One of the things that has been bugging me lately. I have several close friends who are very passionate about certain issues... and they are wrong. Simply wrong. In some cases, the issue they are excited about doesn't exist. In a few, the words they use do not mean what they think they mean. In a very few cases, the words that they use originally meant the exact opposite of what they think they mean. Black has become white; dogs are cats; freedom is slavery.

Where do I get the right to say that they are wrong and I'm right? Fair question. This is the way my brain works: These are people I care about and generally, but not always, that means I admire their intelligence*. If they believe X and I believe Y, I assume I'm wrong. I then, depending on the question go to first sources (like the actual court case). Or go to the data (the Bureau of Justice Statistics, commonly). Or design an experiment (Who is more hateful, X or Y? Let's type "All x should die" and "All y should die" into google and see who is talking about killing most.)

I think that's pretty solid. Confidant that it is far more than the people I am disagreeing with have done.

But here's the question, and it's really two three questions.
1) Should I even bother to tell them I disagree? I know a few sense it, but as long as it stays submerged, the friendship continues fine. Understand, they are usually passionate about their position-- one even said it was important enough it was okay to be wrong. I can't even wrap my head around that, largely because I'm not passionate about the positions. I am relatively passionate about the path to those positions.
2) If I decide to have this disagreement, how? Facts don't actually sway people. For that matter, if we agreed on an experimental design and their position was mathematically proven flawed, my experience is that they would double down. And never forgive me.
Oooh. There's a third question.
3) Most of them are happy being passionate. It may come across in words as feeling outcast and beleaguered and under constant attack, but that belief makes them feel special and gives their life meaning. If someone is wholly invested in their enemies as a core of their identity, is pointing out that their enemies** are imaginary a dick move?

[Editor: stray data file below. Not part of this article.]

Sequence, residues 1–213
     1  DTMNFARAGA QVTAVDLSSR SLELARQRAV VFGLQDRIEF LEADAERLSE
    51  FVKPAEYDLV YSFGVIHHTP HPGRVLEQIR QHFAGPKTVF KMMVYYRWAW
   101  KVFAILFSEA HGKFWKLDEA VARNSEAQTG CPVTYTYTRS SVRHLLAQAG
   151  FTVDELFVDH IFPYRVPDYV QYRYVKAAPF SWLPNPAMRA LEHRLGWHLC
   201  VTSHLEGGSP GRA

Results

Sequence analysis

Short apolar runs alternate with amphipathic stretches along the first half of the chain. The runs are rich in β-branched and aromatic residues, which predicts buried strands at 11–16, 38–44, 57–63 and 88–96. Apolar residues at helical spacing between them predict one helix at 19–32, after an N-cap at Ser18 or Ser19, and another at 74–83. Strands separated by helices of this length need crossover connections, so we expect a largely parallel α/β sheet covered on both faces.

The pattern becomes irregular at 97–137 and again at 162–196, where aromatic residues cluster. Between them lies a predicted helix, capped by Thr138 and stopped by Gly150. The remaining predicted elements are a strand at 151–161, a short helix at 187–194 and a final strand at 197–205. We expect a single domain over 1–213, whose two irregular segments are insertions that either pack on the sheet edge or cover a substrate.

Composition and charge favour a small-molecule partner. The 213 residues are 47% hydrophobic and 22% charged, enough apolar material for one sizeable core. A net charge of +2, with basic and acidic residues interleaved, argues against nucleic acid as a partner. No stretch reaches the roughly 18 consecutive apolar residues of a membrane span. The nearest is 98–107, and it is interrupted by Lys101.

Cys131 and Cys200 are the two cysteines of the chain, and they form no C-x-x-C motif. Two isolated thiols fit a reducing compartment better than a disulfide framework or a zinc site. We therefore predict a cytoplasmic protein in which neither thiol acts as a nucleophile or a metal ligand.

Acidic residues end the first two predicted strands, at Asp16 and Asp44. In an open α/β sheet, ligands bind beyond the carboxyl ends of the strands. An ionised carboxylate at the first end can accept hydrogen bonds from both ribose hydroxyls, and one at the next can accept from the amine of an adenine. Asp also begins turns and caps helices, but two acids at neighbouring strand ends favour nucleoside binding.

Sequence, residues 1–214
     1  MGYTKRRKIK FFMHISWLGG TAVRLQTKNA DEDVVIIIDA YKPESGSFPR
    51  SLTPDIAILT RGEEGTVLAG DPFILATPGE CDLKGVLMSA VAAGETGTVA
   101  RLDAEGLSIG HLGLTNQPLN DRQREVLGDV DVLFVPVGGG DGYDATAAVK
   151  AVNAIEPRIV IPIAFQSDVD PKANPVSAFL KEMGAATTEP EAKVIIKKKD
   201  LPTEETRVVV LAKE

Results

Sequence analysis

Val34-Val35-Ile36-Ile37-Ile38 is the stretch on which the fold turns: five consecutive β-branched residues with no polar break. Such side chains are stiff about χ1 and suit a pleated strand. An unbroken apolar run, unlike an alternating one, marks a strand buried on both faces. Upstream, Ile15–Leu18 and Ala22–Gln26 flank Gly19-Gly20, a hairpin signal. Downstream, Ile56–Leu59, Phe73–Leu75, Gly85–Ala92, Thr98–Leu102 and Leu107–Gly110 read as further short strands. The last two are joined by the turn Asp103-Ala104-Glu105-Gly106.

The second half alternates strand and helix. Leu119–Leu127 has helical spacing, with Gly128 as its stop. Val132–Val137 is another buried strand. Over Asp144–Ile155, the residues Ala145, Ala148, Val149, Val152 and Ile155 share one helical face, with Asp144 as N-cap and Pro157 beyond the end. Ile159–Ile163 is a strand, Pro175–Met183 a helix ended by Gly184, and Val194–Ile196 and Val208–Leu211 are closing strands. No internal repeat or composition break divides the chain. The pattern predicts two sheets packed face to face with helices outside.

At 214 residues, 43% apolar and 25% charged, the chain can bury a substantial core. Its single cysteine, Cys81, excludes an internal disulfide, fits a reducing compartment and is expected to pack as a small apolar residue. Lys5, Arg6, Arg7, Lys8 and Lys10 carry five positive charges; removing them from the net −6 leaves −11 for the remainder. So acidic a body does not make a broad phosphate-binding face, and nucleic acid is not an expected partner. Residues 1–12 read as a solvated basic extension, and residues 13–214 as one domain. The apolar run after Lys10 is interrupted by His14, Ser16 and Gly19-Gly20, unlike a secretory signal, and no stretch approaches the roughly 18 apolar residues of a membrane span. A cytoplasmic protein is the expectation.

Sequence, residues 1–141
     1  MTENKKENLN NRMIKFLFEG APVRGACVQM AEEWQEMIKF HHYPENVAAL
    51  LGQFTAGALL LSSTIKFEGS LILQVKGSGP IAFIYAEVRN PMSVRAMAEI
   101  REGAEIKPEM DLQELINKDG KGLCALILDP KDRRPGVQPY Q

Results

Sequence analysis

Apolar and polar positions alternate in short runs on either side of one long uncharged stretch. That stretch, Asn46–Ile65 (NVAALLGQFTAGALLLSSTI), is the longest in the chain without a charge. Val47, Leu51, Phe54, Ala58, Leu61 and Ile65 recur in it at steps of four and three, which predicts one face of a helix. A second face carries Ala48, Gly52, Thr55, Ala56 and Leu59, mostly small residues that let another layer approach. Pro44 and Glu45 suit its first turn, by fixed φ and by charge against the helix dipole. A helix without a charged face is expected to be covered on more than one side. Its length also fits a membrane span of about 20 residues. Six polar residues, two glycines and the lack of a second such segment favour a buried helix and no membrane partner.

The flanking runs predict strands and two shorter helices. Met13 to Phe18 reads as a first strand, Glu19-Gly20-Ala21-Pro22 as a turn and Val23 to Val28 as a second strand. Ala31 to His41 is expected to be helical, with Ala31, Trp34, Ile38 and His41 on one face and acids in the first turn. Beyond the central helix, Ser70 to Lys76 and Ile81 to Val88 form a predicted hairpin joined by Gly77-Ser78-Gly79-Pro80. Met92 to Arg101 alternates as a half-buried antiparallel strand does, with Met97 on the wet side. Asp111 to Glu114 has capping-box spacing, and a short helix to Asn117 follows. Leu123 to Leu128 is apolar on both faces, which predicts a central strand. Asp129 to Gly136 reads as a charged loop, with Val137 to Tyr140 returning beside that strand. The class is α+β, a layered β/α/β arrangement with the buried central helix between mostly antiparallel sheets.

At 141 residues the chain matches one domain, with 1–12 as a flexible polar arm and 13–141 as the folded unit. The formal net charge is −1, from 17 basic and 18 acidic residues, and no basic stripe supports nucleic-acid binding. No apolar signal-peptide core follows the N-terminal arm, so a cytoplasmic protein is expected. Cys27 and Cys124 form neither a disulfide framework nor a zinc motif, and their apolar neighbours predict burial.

The challenge here is not winning the argument. My ego doesn't need the strokes of winning. The challenge is preserving the friendship and, possibly, helping a few friends avoid a path that will be hard to recover from.

*There are other virtues I admire besides intelligence. No one has to be perfect or superior in all categories to be my friend.
** And this is a really fine line because there are always a few real assholes. There are millions of good christians, but the 70 (or less) members of the Westboro Baptist Church make the news. There are tens of thousands of people working to make a better world, but the loudest, shrillest and stupidest two percent become the poster children for 'Social Justice Warriors.' As long as that worse 2 % or 70 individual or whatever exist, the enemies, just barely, miss being completely imaginary.

Tuesday, July 04, 2017

Criticism ≠ Teaching

The last post was laying the groundwork for this one. I thought starting with the universally acknowledged evils of micromanagement would make this post more palatable. Instead, Danny Martin gave a very capable defense of an unpopular and nearly indefensible position. Truly well done.

Jumping into this anyway, because it is important.

Criticism is a shitty teaching paradigm. Telling people they are doing things wrong, even telling them what they are doing wrong is literally worse than useless: Useless teaching would leave students unimproved. Criticism actually makes the students worse.

This will probably be a hard sell. When I came up through the (primarily Japanese) traditional martial arts, stern criticism was the standard teaching method. I've even had an instructor say, "Only perfect is good enough." And I was cautioned not to praise students because it would make them lazy. In the law enforcement world, right after I was promoted a senior sergeant told me, "Do you know why you'll never be a good sergeant? Because you don't understand that everyone is lazy and dishonest and our job is to catch them and punish them." Her crews were consistently poor performers because they spent more time watching their backs around her than doing the job.